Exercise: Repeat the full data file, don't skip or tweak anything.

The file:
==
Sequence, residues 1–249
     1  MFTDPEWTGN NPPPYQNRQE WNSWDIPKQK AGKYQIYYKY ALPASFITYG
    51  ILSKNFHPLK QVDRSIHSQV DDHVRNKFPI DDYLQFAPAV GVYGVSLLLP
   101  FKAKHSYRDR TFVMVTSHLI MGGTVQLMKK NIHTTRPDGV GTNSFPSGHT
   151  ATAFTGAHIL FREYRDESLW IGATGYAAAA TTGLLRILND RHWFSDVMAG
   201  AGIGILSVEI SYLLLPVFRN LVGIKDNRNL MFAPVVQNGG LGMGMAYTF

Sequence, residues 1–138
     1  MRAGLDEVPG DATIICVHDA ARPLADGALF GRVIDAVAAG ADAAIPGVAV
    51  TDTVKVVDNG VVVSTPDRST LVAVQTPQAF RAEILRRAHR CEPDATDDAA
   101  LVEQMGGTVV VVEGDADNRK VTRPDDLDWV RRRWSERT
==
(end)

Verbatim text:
Sequence, residues 1–249
     1  MFTDPEWTGN NPPPYQNRQE WNSWDIPKQK AGKYQIYYKY ALPASFITYG
    51  ILSKNFHPLK QVDRSIHSQV DDHVRNKFPI DDYLQFAPAV GVYGVSLLLP
   101  FKAKHSYRDR TFVMVTSHLI MGGTVQLMKK NIHTTRPDGV GTNSFPSGHT
   151  ATAFTGAHIL FREYRDESLW IGATGYAAAA TTGLLRILND RHWFSDVMAG
   201  AGIGILSVEI SYLLLPVFRN LVGIKDNRNL MFAPVVQNGG LGMGMAYTF

Sequence, residues 1–138
     1  MRAGLDEVPG DATIICVHDA ARPLADGALF GRVIDAVAAG ADAAIPGVAV
    51  TDTVKVVDNG VVVSTPDRST LVAVQTPQAF RAEILRRAHR CEPDATDDAA
   101  LVEQMGGTVV VVEGDADNRK VTRPDDLDWV RRRWSERT